The demand for further
miniaturization of electronic devices, which is expected to lead the
today´s CMOS based technology to its practicable and physical
limit within the next ten to twenty years (ITRS),
triggers an intense research in the field of "Molecular Electronics". Using molecules as building
electronic devices will be promising due to several reasons. Conduction
processes in molecular units involve only few to single electrons. This
lower the energy consumption to a minimum. Molecules or molecular
blocks can be chemically tailored with respect to their size, structure
electronic properties (e.g. wire, diode, switch). Furthermore,
self-organization processes for the bottom-up fabrication of devices
significantly lower the fabrication costs. Nevertheless,
implementing molecular units into electronic devices working with the
robustness and reliability such as the CMOS-based devices will be a
challenge. Several obstacles have to be overcome, as the detailed
of charge transport processes as well as controllable and reliable
of the molecules to the macroscopic “outer” world. All this requires a
interdisciplinary research, involving chemists, physicists, materials
scientists and engineers.
embodies the scientific background of the Virtual Insitute of
Systems for Information Technology (IFMIT). IFMIT was founded in 2004 within
the framework of the Initiative and
Networking Fund of the Helmholtz
Association. The following groups of the RWTH Aachen University
and the Research Center Jülich collaborate within this
framework on research topics that are related to basic questions of
charge transport properties of functional molecules:
group of Prof.
Ulrich Simon, Institute of Inorganic Chemistry, RWTH Aachen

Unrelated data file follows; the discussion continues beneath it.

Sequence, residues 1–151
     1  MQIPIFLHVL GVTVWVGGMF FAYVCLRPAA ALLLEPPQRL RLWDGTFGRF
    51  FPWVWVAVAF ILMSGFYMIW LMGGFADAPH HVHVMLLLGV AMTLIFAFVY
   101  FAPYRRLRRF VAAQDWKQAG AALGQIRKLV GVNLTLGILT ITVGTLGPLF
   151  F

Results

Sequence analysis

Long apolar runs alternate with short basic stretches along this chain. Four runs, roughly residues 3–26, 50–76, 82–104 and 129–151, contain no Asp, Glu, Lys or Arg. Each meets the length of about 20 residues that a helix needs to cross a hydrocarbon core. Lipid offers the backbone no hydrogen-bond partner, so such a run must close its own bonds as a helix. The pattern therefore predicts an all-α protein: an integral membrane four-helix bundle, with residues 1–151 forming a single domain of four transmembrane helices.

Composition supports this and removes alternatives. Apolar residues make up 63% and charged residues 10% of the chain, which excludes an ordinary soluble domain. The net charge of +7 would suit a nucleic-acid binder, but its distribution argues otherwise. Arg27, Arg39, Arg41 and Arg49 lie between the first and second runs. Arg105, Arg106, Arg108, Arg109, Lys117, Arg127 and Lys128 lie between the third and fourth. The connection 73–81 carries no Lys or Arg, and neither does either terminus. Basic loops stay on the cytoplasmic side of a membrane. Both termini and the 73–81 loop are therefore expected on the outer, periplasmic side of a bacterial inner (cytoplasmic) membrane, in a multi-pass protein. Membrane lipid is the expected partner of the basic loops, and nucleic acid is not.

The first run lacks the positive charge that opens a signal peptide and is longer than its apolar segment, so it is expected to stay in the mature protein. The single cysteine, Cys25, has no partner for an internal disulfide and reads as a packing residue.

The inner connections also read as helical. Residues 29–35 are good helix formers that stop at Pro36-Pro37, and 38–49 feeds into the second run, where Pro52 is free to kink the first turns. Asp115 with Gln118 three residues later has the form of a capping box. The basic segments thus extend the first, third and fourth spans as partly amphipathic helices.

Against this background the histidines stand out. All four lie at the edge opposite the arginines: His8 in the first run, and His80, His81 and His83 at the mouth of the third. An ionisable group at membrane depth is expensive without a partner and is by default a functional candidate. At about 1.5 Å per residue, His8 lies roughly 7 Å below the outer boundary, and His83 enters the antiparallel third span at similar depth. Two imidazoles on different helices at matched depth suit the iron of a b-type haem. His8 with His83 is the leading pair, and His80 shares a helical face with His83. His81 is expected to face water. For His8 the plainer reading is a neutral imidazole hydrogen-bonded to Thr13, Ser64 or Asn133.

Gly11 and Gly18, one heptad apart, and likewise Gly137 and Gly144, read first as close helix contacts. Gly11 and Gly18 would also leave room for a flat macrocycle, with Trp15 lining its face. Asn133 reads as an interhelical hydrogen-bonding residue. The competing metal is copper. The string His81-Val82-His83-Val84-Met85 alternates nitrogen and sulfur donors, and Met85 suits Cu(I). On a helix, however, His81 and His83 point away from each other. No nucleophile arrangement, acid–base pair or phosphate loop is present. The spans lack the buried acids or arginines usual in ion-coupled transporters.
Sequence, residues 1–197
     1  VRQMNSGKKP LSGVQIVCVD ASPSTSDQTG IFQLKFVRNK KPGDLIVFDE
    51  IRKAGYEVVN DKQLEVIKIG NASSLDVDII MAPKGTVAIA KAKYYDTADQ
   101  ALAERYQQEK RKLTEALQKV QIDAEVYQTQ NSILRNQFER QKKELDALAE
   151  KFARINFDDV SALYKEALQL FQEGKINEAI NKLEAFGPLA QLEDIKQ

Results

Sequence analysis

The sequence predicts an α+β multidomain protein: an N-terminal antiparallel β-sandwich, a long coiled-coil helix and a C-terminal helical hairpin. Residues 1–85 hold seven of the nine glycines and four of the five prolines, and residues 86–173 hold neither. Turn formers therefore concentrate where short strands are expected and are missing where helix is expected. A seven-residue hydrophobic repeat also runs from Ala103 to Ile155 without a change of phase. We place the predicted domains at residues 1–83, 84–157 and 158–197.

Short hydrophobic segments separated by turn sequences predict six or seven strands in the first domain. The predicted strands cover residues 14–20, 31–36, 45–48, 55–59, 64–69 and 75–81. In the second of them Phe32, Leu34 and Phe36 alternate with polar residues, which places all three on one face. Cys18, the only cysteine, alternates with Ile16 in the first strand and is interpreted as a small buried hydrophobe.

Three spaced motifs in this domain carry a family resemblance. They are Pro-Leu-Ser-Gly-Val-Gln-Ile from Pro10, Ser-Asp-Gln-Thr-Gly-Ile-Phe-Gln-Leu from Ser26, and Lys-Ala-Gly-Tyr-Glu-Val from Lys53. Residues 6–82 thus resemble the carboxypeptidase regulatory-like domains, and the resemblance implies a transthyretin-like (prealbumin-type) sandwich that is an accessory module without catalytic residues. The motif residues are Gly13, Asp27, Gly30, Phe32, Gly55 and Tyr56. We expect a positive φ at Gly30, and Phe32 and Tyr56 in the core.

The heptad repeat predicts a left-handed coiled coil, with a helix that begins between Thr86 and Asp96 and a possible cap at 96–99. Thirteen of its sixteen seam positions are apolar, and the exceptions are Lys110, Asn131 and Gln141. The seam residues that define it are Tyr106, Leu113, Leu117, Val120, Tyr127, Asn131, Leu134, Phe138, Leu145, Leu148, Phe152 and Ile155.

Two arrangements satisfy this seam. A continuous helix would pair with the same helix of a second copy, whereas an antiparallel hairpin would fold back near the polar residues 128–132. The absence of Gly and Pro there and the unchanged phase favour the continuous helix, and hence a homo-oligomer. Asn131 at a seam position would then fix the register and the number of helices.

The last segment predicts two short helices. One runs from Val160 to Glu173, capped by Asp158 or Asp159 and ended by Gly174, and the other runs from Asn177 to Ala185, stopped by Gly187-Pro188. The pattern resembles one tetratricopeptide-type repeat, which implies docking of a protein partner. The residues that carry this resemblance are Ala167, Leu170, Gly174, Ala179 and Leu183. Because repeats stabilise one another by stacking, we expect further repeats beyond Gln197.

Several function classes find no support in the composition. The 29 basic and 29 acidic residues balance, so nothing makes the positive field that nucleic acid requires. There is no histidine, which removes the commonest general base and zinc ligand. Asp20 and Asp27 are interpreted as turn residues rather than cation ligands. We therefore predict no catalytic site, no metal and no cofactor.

University, is concerned with the synthesis of functional molecules and
ligand stabilized metal nanoparticles.
group of Prof. Maarten
Herbert Schoeller), Institute of Theoretical
Physics A, RWTH Aachen University, is concerned with theoretical
group of Dr. Silvia
Karthäuser (Prof. Dr. Reiner Waser) investigates charge
transport characteristics of functional molecules by scanning probe
techniques in UHV (UHV-STM/STS).
scan of BP4 inserted into an higly ordered SAM of dodecanethiol (C12).
Bright spots represent single BP4 molecules.
group of Prof.
Thomas Wandlowski investigates structural and charge transport
characteristics of functional molecules by electrochemical based
scanning tunneling techniques ("electrochemical based break-junction"
Principle of the electrochemical single molecule
(A) disabling of the STM feedback at a relative distance zo (defined by
io = 100 pA and (EWE1 – EWE2) = 0.10 V) and approach; (B) formation of
molecular junctions; (C) stretching with a constant pulling rate of 6
nm s-1; (D) breaking of the contact and switching on the feedback
The statistical analysis of up to 3000 individual pulling curves yields
the values of the single junction conductance.